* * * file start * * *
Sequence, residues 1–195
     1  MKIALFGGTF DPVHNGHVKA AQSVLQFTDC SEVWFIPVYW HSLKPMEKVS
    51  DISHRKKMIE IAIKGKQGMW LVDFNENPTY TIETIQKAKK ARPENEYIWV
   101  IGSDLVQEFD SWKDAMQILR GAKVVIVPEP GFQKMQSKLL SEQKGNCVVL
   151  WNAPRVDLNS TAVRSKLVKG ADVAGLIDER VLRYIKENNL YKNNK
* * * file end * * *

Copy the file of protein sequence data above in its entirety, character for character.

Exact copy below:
Sequence, residues 1–195
     1  MKIALFGGTF DPVHNGHVKA AQSVLQFTDC SEVWFIPVYW HSLKPMEKVS
    51  DISHRKKMIE IAIKGKQGMW LVDFNENPTY TIETIQKAKK ARPENEYIWV
   101  IGSDLVQEFD SWKDAMQILR GAKVVIVPEP GFQKMQSKLL SEQKGNCVVL
   151  WNAPRVDLNS TAVRSKLVKG ADVAGLIDER VLRYIKENNL YKNNK